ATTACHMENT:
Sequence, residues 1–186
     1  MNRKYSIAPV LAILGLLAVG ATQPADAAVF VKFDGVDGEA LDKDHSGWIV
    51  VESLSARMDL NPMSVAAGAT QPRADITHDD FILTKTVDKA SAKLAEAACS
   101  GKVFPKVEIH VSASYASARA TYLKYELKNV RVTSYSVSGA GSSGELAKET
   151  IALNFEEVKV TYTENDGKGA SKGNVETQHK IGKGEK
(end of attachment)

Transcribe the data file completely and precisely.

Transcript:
Sequence, residues 1–186
     1  MNRKYSIAPV LAILGLLAVG ATQPADAAVF VKFDGVDGEA LDKDHSGWIV
    51  VESLSARMDL NPMSVAAGAT QPRADITHDD FILTKTVDKA SAKLAEAACS
   101  GKVFPKVEIH VSASYASARA TYLKYELKNV RVTSYSVSGA GSSGELAKET
   151  IALNFEEVKV TYTENDGKGA SKGNVETQHK IGKGEK